Itakhuli’s boundary stretched from Sukreswar to Latashil and further up to the foothill of Nabagraha. However, the radius of the mound covered only a kilometer toward the east and down south. If we must make an analysis based on the photographs and physical observations of the mound, we can posit that the slope exists because it was a part of the medieval road, which connected the outer boundary of the Itakhuli (Latakhil Choki) to Pandu. If we observe the mound on the north side, behind the bus stop, we would notice a vertical slope, which is not a result of natural weathering. On the south, where the present-day Panbazar sits, the mound is perhaps levelled out with time. This interpretation can also be made by simply observing the footpath on both sides of the road. A very mild descent can also be observed to the south of Panbazar if we continue to move on the Jaswanta road.
According to historian Kumudeswar Hazarika, the Assam Government installed the water treatment plant in Panbazar in 1962. Before that, it was a public park that hosted and stood witness to fiery speeches of many stalwarts of the Indian freedom struggle from Mahatma Gandhi, Rabindranath Tagore, Subhas Chandra Bose, Swami Vivekananda to Tarun Ram Phukan, Gopinath Bordoloi, Nabin Chandra Bordoloi, and others. In the early 19th century, the British purchased this barren land from a Bengali contractor, Babu Nabagopal Banerjee. Their idea was to create a space where they could organize the upcoming Golden Jubilee Celebration of Queen Victoria’s ascension to the throne, in June 1887. Consequently, the public park from thereon was named Jubilee Garden.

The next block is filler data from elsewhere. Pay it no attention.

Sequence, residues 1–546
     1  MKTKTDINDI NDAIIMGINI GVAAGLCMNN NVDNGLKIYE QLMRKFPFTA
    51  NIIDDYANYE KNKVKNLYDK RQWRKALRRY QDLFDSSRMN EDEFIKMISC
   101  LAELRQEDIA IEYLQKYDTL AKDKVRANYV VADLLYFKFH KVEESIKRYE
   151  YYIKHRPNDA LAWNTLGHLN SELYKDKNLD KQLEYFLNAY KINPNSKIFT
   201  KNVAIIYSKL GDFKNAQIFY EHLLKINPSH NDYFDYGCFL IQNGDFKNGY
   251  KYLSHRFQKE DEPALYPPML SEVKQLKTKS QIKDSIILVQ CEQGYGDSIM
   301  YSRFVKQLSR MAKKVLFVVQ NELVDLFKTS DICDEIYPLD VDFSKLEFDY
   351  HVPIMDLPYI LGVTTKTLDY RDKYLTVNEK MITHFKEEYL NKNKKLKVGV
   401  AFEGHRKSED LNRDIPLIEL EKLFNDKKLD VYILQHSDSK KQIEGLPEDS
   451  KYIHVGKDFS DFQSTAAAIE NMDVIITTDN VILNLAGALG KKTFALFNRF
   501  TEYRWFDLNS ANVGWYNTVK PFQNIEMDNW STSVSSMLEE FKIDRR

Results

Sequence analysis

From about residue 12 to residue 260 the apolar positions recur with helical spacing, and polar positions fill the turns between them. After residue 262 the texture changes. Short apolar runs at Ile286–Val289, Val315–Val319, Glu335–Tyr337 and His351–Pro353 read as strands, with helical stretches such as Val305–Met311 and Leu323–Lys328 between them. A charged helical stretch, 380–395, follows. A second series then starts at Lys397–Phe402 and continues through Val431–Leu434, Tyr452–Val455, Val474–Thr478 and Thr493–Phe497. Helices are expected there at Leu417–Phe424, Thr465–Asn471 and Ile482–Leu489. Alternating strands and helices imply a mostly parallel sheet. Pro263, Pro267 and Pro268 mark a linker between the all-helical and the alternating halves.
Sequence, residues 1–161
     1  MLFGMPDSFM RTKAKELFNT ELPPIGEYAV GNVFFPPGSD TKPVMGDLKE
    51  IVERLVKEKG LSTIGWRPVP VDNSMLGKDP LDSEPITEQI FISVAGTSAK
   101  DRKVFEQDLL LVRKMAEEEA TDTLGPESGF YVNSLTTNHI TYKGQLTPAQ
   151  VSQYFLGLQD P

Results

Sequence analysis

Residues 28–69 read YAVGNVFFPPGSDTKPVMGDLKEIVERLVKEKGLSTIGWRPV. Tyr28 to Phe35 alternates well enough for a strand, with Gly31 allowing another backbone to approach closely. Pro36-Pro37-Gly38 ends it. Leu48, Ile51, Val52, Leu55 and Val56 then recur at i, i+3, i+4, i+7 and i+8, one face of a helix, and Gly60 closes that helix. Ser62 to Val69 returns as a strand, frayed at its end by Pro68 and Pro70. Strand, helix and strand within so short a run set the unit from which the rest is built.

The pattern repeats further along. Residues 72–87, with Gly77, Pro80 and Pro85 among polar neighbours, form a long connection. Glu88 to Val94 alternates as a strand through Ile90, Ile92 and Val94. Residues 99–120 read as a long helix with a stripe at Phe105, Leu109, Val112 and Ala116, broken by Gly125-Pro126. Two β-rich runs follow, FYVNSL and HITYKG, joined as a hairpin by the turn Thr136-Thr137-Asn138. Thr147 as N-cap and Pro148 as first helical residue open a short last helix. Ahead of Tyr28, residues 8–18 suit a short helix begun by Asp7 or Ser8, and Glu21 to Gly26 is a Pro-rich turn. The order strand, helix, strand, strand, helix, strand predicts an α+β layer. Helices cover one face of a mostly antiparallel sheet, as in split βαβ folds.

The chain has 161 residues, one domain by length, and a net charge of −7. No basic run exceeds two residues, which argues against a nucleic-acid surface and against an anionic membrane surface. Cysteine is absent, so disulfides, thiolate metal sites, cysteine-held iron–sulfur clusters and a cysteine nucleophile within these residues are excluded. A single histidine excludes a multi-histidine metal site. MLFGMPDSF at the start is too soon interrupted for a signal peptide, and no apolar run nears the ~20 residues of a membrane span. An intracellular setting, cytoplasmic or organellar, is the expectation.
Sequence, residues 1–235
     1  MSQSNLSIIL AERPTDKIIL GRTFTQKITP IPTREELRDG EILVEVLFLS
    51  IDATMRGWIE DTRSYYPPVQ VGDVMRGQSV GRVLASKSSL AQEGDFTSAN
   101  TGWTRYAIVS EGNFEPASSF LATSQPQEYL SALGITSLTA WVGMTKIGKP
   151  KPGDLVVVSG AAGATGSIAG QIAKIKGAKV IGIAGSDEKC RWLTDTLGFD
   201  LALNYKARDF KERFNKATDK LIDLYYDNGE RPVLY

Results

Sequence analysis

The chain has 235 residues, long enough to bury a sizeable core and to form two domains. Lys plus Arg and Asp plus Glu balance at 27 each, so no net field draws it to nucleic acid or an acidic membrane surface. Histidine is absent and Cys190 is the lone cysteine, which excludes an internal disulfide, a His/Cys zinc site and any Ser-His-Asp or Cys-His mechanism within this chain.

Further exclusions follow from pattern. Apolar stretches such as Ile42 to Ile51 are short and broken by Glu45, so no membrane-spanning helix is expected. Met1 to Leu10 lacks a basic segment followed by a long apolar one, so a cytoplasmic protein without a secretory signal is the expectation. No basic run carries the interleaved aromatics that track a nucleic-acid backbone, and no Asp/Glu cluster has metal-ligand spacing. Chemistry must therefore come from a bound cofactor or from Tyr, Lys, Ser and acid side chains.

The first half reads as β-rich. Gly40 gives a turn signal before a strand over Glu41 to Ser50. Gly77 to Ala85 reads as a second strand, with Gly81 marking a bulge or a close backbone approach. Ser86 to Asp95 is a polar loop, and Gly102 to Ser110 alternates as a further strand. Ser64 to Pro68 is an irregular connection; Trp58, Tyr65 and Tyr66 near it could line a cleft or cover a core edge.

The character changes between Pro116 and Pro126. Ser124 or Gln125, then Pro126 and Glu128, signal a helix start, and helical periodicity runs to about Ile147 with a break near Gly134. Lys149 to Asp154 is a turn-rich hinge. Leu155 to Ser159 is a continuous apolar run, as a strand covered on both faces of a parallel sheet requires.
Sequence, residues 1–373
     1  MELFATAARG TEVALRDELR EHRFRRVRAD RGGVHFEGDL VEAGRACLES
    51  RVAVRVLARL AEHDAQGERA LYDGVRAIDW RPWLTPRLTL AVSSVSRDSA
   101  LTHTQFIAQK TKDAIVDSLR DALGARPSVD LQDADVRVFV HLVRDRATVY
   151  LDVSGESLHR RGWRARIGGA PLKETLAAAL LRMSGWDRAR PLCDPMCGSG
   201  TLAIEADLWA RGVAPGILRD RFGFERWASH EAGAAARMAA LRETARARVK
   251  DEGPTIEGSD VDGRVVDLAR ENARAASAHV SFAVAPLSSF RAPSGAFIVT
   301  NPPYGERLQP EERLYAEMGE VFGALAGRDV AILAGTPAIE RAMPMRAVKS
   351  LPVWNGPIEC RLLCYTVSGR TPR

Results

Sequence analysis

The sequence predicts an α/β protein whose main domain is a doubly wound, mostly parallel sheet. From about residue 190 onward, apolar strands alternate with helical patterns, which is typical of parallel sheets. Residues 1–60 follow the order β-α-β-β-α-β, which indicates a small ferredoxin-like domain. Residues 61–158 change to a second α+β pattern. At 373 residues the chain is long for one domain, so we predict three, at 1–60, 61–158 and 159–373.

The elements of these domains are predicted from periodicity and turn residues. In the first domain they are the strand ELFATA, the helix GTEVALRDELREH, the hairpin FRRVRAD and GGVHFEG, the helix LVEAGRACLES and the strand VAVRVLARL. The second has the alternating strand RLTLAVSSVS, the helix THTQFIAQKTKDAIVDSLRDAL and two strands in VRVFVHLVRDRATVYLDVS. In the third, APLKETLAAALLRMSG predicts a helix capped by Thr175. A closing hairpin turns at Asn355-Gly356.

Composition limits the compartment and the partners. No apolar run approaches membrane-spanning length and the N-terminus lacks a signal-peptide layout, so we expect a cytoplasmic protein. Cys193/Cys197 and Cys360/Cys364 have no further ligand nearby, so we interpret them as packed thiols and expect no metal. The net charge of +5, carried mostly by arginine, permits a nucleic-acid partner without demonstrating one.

The medieval road didn’t lose its importance during the British Raj. The pavement from Bharalu Bridge to Latakhil was named Strand Road. From Latakhil to now Governor’s house, it was Upper Strand Road. The name remained unchanged for a long time until it was decided to rename the complete stretch of Mahatma Gandhi Road. The present slope is approximately 5ft (1.52 m) above what it was 20 years back. With the coming of the British–who inherited an almost dead city, after it was razed to the ground by the Burmese–Itakhuli and its surroundings slowly transformed into an administration hub. For many years, the mound remained hidden from the city dwellers. The 150-year-old bungalow that was the residence of the Deputy Commissioner in pre-and post-independent India was renovated and transformed into the present-day Mahabahu Brahmaputra River Heritage Centre. Now, the complex at least provides the new generation of Assamese with an opportunity to put their feet and stand on a piece of land where our forefathers displayed an array of ineffable valour and sacrifice.